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George Walker Petit is no stranger to jazz musicians since he is one of the top recording engineers in New York City. Although he has closed his own studio he remains active and has recorded many, many musicians. With ...End Of August, he has recorded himself.
What makes Petit a successful recording engineer is not only his deep knowledge of the process, but also the fact that he is a musician himself, and hence knows what live music sounds like. With ...End of August, he shows himself to be a sensitive composer and player, with an emotional honesty that really comes through.
The man really can play guitar (both acoustic finger style and electric) and flashes some chops here and there. Petit is also listed as playing electric bass, percussion, various keyboards, trumpet, vibes and vocals. Yet his main instrument is clearly guitar.
Even if one prefers a sound that is more "live," the record is crisp and clear and the mixing is expertly done, as one would expect. What is not lost, and this is telling, is that each instrument, from a solo acoustic guitar to a saxophone, sounds real, and there is no listening fatigue whatsoever.
Petit's influences are quite obvious and his soft spot is the music of Antonio Carlos Jobim and Joao Gilberto as heard on Benny Carter's "Only Trust Your Heart," a surprisingly affective "S'Wonderful" by George Gershwin and the lively originals "Bijou" and "Montreux." Other originals mine the jazz soul ballad ("Off Center"with some killer playing) and bit of light funk ("Half Of What You Need").
Of particular interest are the two solo guitar tracks, "Stockbridge (lost)" and "On Any Given Night." The former has a country sound mixed with advanced harmonies that are quite touching, while the latter is a short, freely rhythmic love song that ends much too soon.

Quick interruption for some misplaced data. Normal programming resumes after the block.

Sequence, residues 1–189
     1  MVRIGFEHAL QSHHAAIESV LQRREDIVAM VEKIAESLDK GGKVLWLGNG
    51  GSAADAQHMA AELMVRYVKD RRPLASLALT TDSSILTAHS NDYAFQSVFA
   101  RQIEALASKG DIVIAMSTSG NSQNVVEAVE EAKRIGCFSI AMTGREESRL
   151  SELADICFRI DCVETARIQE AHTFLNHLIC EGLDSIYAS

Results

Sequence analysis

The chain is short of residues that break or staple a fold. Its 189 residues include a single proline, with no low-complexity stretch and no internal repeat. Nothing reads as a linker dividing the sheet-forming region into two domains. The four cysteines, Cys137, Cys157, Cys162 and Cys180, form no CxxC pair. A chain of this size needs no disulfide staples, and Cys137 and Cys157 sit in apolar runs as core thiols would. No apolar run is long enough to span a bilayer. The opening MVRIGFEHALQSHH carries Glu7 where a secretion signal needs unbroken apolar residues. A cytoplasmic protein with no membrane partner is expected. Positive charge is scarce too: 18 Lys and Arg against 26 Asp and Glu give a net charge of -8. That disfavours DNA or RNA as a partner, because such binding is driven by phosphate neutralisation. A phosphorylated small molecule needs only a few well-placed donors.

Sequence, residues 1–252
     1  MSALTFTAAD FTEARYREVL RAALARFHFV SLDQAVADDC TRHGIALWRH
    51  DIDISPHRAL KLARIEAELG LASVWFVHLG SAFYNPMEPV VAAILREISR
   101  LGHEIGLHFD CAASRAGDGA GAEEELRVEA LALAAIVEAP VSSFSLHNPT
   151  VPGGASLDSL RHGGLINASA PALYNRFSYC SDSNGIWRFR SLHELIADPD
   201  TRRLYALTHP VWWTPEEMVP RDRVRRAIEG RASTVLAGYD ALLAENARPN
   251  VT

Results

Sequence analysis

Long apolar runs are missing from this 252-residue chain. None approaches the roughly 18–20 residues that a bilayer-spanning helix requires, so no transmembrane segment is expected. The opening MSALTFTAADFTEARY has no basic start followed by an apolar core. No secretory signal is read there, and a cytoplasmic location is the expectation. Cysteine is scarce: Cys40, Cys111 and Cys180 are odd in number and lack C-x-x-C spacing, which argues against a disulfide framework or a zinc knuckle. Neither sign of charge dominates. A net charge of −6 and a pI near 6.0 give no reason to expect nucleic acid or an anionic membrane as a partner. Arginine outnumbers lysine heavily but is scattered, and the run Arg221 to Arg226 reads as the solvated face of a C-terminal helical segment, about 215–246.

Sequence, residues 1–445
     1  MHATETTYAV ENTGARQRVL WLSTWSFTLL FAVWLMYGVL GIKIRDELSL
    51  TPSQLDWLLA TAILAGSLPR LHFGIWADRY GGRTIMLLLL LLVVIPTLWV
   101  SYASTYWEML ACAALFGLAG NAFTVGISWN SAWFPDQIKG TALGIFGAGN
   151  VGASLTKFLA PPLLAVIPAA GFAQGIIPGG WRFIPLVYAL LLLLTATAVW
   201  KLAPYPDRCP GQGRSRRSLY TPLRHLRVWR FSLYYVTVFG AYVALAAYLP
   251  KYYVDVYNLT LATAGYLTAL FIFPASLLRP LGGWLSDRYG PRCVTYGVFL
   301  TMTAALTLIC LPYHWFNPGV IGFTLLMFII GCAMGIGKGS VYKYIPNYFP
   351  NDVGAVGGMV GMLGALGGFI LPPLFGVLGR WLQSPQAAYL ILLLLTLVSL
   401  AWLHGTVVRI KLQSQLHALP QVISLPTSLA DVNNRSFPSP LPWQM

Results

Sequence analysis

The arrangements are top notch and allow the other musicians, especially Justin Flynn on reeds and flute, to shine. Indeed the only complaint one could have is that the album is too shortits thirty-eight minutes fly by.
...End Of August is a very fine piece of work, no matter how one looks at it and one must laud Petit for his efforts in every aspect of its creation.
Track Listing: Only Trust Your Heart; Off Center; Stockbridge (lost); S'Wonderful; Half Of What You Need; Bijou; Montreux; On Any Given Night; Aldo (Forza Italia).
Personnel: George Walker Petit: acoustic and electric guitar, electric bass, percussion, Fender Rhodes, vibraphone, piano, Wurlitzer piano, samples, trumpet, vocals; Steve Hass: drums (1); Whitney Ashe: Fender Rhodes (1, 2, 5, 6), organ (2, 5); Justin Flynn: flute (1, 6, 7), tenor saxophone (2), horns (5), soprano saxophone (6); Mark Dodge: drums (4, 5, 6, 7), bass drum (9) lede snare drum (9), trumpet (9); Thomson Kneeland: bass (4); Artur Dutra: berimbao, metal serving plate, triangle (7).
I was first exposed to jazz when I was studying at the University of Puerto Rico. Nearby, I found a little record shop where the music coming from the store (Taller de Jazz Don Pedro) made me stop. I walked down the short stairs and towards the music and learned that the music playing was Clifford Brown and Max Roach
I was first exposed to jazz when I was studying at the University of Puerto Rico. Nearby, I found a little record shop where the music coming from the store (Taller de Jazz Don Pedro) made me stop. I walked down the short stairs and towards the music and learned that the music playing was Clifford Brown and Max Roach. I fell in love with it. I wondered around until the owner (Pedro Soto) asked if I needed help. He then introduced me to John Coltrane, Miles Davis, Gerry Mulligan and the rest is history. I walked out of the store with my first jazz recording: Clifford Brown and Max Roach at Basin Street.